Do Japanese EFL students need 'katakana eigo to learn and to read English?
by Charles Jannuzi, University of Fukui, Japan
'Katakana' is one of two syllabaries used in modern written Japanese; it is largely used to represent non-Chinese loan words, such as the numerous English loan words in Japanese called 'gairaigo'. It is also used in some contexts to stand for native onomatopoeia and other mimetic language, to show emphasis in a written text, to transcribe the readings of Chinese characters in legal documents, to provide a quickly input language for telegraphy, and to represent the popular names of animals and plants in native taxonomy, among other uses. However, katakana also finds widespread use in EFL in Japan in classrooms and materials as 'katakana eigo', which is a syllabic transliteration of English into a form that is more easily decodable for learners.
For the sake of this article's discussion, teacher attitudes toward katakana eigo can be summarized as the following three:
1. Katakana eigo is bad, and we should ban it.
2. Katakana eigo is not particularly useful, but it is part of the cross-lingual (L2 to L1)
reality, still let us not encourage it.
3. Katakana eigo is a useful crutch; helping students as a cognitive bridge to literacy in
EFL, so let us adapt it appropriately.
In this article I will explain why learners feel that katakana eigo is necessary in order to deal with the complexity and inconsistency of written English, and I will explain how teachers can plan and use content, materials and activities that will alleviate the need for such L1 crutches.
Katakana eigo: Is it natural?
It is natural for beginners to make substitutions and simplifications with the FL's sound system and sound tactics. Nonnative/JSL/JFL speakers of Japanese (many of them English teachers in Japan) are no different on this point. It is also a matter of course that students might take a very familiar, consistent, phonologically transparent, syllabic script like katakana and use it to transcribe a language written in one that is not so easy to decode for pronunciation (like the complex, alphabetic writing conventions of English). It does seem possible, though, that a persistent reliance on katakana eigo during beginning levels of instruction reinforces the idea that English does not have its own sound system and sound tactics. The impression that beginners might get is that the sounds and sound tactics of English are easily fitted into those of Japanese; they are not, not if intelligibility is to survive.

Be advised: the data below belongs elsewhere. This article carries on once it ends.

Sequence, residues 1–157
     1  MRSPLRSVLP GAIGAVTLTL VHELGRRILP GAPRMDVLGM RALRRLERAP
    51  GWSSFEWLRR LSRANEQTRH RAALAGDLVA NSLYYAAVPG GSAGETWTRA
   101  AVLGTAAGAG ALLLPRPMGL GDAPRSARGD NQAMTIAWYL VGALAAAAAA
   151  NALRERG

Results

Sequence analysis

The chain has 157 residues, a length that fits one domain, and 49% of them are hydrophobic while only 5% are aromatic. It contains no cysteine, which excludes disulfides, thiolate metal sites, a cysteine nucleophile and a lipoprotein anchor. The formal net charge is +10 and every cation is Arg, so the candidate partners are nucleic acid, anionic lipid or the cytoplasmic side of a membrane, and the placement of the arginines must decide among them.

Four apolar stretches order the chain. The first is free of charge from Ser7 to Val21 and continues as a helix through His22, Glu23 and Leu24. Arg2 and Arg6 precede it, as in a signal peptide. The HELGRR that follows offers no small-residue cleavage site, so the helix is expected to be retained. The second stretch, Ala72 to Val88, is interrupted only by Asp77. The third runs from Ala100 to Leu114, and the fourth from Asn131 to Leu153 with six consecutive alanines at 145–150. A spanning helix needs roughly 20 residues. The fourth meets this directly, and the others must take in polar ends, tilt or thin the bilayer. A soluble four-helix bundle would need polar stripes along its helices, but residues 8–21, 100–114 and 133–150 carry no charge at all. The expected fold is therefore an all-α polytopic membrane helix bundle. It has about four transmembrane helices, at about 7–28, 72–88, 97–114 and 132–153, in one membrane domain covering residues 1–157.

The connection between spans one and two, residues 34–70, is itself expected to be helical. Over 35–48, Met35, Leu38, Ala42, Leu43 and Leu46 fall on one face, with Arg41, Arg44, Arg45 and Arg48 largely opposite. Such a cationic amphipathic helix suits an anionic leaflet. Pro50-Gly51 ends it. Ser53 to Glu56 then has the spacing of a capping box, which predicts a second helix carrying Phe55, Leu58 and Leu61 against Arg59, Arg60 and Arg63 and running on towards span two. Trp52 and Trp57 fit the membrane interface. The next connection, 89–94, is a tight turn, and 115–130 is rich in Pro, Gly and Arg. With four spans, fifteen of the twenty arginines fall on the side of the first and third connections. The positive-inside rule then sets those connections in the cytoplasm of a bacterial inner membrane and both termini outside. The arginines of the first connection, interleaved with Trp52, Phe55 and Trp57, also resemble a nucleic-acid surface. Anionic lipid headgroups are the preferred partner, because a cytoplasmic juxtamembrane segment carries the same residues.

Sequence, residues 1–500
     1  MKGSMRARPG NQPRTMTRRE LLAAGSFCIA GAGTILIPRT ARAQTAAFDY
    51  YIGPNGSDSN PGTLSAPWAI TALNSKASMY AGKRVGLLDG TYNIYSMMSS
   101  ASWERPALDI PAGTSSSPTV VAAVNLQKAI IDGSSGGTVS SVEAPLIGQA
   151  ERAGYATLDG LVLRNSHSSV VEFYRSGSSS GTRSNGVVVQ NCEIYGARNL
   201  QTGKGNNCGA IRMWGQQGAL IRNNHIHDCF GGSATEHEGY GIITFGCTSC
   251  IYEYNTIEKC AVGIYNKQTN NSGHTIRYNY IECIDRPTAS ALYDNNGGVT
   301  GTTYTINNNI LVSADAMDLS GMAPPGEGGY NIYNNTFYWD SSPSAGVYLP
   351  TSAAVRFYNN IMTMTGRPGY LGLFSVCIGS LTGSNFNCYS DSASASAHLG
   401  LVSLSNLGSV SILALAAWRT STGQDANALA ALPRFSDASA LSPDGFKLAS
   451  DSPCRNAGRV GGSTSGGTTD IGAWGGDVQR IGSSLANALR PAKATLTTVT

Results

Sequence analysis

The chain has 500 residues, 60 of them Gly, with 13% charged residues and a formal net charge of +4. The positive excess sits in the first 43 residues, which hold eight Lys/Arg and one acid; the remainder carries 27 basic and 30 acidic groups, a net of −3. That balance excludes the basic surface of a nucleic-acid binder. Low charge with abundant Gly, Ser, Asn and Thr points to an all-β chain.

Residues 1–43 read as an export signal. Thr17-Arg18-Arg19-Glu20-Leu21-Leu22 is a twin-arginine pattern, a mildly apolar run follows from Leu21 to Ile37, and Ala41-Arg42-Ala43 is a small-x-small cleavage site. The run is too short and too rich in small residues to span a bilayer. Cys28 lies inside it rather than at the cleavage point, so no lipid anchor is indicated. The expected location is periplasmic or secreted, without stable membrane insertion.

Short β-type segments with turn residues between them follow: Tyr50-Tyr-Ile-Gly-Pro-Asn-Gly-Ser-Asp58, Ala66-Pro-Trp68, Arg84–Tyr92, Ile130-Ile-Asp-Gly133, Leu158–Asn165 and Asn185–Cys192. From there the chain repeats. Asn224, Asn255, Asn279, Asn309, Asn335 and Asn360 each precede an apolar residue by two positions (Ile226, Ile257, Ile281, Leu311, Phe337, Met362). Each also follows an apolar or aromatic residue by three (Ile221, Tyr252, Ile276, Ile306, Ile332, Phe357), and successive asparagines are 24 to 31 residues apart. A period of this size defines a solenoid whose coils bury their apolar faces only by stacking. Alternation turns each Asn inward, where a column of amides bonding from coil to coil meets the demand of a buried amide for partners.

In standard phonological accounts, spoken Japanese has far fewer sound segments than English, and simpler tactics are used for putting these sounds together into syllables and words. A typical Japanese syllable is V or CV type; few consonant sounds can close a syllable, and there are not many consonant clusters. A writing system such as katakana that is based on an analysis of the syllable types of spoken Japanese, therefore, proves an ill fit for spoken English. What is at issue is the mental, phonological representations of the FL in the minds of the learners which enable them to learn and use it.
Here are two examples of how katakana eigo renders English into a Japanese form. Take the word banana. In Japanese, this word would be written as three syllabic characters,, which we can romanize as ba-na-na. In this case the written Japanese corresponds perfectly with the English (though note, the Japanese form of this word would be given fairly even stress across all three syllables, while the English word typically receives the strongest stress on the second syllable with fairly neutral vowels in the first and final syllables). But look what happens with a second example, McDonald's. In Japanese, this would be written as, which as romanized is ma-ku-do-na-ru-do. Now, both the words banana and McDonald's are well established loan words in modern spoken Japanese, and, as such, the nativized pronunciations of these for spoken Japanese are perfectly legitimate. But it is easy to see from these two examples what might happen to English words in an EFL setting if students used katakana to make target vocabulary more easily 'decodable'. If a word has a similar syllable structure to Japanese (V or CV), then the effects are not so profound. In the case of a word like McDonald's the English word with three syllables becomes a six-syllable word with all open syllables and extra, intruded vowel sounds.
Is it possible that once such word forms are learned for EFL, that they make a lot of vocabulary of English largely incomprehensible? First, students, having learned the Japanized version of a word, may not recognize it while listening (or even reading, if they find the katakana for more easily memorized than English spelling). Second, if students produce such forms, are most English speakers outside of an EFL classroom in Japan going to understand them?
Next, let us turn to possible solutions that we might consider for teaching methods and materials. If katakana eigo is banned in class, this decision is a school's departmental or teacher's choice. However, we must also remain aware of two separate parts of linguistic reality in Japan, where English is both an important source of loan words and a much-studied FL. First, students are still going to make sound substitutions from Japanese and their own developing interlanguage when speaking and reading English out loud.